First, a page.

Trentin tried a solo move on the flat, but was chased down by race debutant Van Aert under the flamme rouge. Mohorič went next, 800 metres from the line, before a relative lull in the proceedings as the contenders looked around for the next move.
Sagan hit the front in the final 500 metres, with Alaphilippe glued to his wheel before the brief game of cat and mouse ended as Mohorič went for it again. In a flash, Alaphilippe switched wheels, getting to Mohorič before Naesen could.
In the final 150 metres, Alaphilippe hit the wind once again, as he had on the Poggio. This time though, he wouldn’t be caught. As it has been so many times already this season, it was just a question of who would be the runner-up.
1 Julian Alaphilippe (Fra) Deceuninck-QuickStep 6:40:14
2 Oliver Naesen (Bel) AG2R La Mondiale
3 Michal Kwiatkowski (Pol) Team Sky
4 Peter Sagan (Svk) Bora-Hansgrohe
5 Matej Mohoric (Slo) Bahrain-Merida
6 Wout Van Aert (Bel) Team Jumbo-Visma
7 Alejandro Valverde (Spa) Movistar Team
8 Vincenzo Nibali (Ita) Bahrain-Merida
9 Simon Clarke (Aus) EF Education First
10 Matteo Trentin (Ita) Mitchelton-Scott
11 Tom Dumoulin (Ned) Team Sunweb 0:00:03
12 Michael Matthews (Aus) Team Sunweb 0:00:08
13 Daniel Oss (Ita) Bora-Hansgrohe 0:00:24
14 Alexander Kristoff (Nor) UAE Team Emirates 0:00:27
15 Magnus Cort (Den) Astana
16 Fernando Gaviria (Col) UAE Team Emirates
17 Marco Haller (Aut) Katusha-Alpecin
18 Mike Teunissen (Ned) Team Jumbo-Visma
19 Davide Ballerini (Ita) Astana Pro Team
20 Giacomo Nizzolo (Ita) Dimension Data
21 Amund Grondahl Jansen (Nor) Team Jumbo-Visma
22 Davide Cimolai (Ita) Israel Cycling Academy
23 Julien Simon (Fra) Cofidis, Solutions Credits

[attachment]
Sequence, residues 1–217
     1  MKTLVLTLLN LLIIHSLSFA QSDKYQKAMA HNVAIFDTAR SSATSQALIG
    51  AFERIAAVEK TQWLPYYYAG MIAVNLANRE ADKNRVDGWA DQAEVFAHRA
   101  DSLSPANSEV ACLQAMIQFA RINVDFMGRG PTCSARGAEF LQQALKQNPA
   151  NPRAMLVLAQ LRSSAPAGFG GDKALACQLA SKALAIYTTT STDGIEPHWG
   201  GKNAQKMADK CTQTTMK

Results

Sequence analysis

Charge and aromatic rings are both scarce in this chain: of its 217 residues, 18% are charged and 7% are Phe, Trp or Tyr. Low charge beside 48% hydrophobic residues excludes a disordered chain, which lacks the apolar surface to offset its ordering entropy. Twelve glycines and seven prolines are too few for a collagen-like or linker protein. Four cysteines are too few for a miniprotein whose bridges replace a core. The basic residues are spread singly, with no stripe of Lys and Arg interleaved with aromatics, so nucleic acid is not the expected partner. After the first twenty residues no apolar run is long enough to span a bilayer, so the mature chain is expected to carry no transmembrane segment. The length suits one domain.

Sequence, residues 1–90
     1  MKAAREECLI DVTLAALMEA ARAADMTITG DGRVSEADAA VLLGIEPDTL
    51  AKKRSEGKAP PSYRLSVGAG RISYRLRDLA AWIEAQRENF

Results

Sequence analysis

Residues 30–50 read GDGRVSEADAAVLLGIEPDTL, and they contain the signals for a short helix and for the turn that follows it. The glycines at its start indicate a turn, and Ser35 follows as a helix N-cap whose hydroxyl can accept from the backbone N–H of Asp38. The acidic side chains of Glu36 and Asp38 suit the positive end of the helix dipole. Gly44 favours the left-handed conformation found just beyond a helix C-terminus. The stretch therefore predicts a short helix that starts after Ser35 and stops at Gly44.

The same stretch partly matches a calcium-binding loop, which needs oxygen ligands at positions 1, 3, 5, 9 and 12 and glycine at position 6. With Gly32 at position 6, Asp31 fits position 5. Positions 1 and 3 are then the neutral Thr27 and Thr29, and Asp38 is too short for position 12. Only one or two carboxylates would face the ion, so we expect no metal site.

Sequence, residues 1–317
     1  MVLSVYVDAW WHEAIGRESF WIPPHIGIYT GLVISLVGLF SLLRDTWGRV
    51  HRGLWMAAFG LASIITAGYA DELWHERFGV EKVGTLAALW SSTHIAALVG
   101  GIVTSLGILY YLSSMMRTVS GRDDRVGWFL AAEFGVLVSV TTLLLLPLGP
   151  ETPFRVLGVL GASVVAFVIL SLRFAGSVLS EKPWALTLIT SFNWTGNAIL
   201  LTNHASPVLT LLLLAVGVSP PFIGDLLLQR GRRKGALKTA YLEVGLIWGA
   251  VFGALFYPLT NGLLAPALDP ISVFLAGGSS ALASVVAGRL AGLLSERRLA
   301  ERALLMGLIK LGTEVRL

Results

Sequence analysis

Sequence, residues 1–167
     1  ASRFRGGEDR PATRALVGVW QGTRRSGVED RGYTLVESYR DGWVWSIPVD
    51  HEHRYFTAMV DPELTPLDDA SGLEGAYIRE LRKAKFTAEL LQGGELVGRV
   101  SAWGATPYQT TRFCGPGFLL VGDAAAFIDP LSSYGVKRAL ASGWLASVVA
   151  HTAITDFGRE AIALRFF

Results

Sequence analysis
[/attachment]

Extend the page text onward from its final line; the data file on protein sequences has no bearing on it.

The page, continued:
24 Clement Venturini (Fra) AG2R La Mondiale
25 Luka Mezgec (Slo) Mitchelton-Scott
26 Reinardt Janse Van Rensburg (RSA) Dimension Data
27 Nils Politt (Ger) Katusha-Alpecin
28 Sam Bennett (Irl) Bora-Hansgrohe
29 Caleb Ewan (Aus) Lotto Soudal
30 Jean-Pierre Drucker (Lux) Bora-Hansgrohe
31 Simone Velasco (Ita) Neri SottoliÐSelle ItaliaÐKTM
32 Arnaud Demare (Fra) Groupama-FDJ
33 Matteo Montaguti (Ita) Androni Giocattoli-Sidermec
34 Gianluca Brambilla (Ita) Trek-Segafredo
35 Krists Neilands (Lat) Israel Cycling Academy
36 Alberto Bettiol (Ita) EF Education First
37 Enrico Battaglin (Ita) Katusha-Alpecin
38 Lilian Calmejane (Fra) Direct Energie
39 Jos van Emden (Ned) Team Jumbo-Visma
40 Roman Kreuziger (Cze) Dimension Data
41 Anthony Turgis (Fra) Direct Energie
42 Greg Van Avermaet (Bel) CCC Team
43 Sonny Colbrelli (Ita) Bahrain-Merida
44 Lawson Craddock (USA) EF Education First
45 Tao Geoghegan Hart (GBr) Team Sky
46 Nicolas Roche (Irl) Team Sunweb
47 Dario Cataldo (Ita) Astana Pro Team
48 Marc Hirschi (Swi) Team Sunweb
49 Enrico Gasparotto (Ita) Dimension Data
50 Romain Bardet (Fra) AG2R La Mondiale
51 Tom-Jelte Slagter (Ned) Dimension Data
52 Soren Kragh Andersen (Den) Team Sunweb
53 Jens Keukeleire (Bel) Lotto Soudal
54 Sven Erik Bystrom (Nor) UAE Team Emirates
55 Jacopo Guarnieri (Ita) Groupama-FDJ 0:00:35
56 Niki Terpstra (Ned) Direct Energie
57 Stephen Cummings (GBr) Dimension Data
58 Alessandro De Marchi (Ita) CCC Team 0:01:01
59 Stefan Kung (Swi) Groupama-FDJ 0:01:15
60 Laurens De Vreese (Bel) Astana Pro Team
61 Christophe Laporte (Fra) Cofidis, Solutions Credits
62 Nacer Bouhanni (Fra) Cofidis, Solutions Credits
63 Carlos Barbero (Spa) Movistar Team
64 Marcus Burghardt (Ger) Bora-Hansgrohe
65 Elia Viviani (Ita) Deceuninck-QuickStep 0:01:27
66 Yves Lampaert (Bel) Deceuninck-QuickStep
67 Zdenek Stybar (Cze) Deceuninck-QuickStep
68 Philippe Gilbert (Bel) Deceuninck-QuickStep
69 Kristian Sbaragli (Ita) Israel Cycling Academy 0:01:29
70 Larry Warbasse (USA) AG2R La Mondiale
71 Tom Van Asbroeck (Bel) Israel Cycling Academy
72 Diego Ulissi (Ita) UAE Team Emirates
73 Marco Marcato (Ita) UAE Team Emirates
74 Viacheslav Kuznetsov (Rus) Katusha-Alpecin
75 Cyril Lemoine (Fra) Cofidis, Solutions Credits
76 Jose Goncalves (Por) Katusha-Alpecin
77 Umberto Marengo (Ita) Neri SottoliÐSelle ItaliaÐKTM
78 Dylan Groenewegen (Ned) Team Jumbo-Visma
79 Jasper Stuyven (Bel) Trek-Segafredo 0:01:33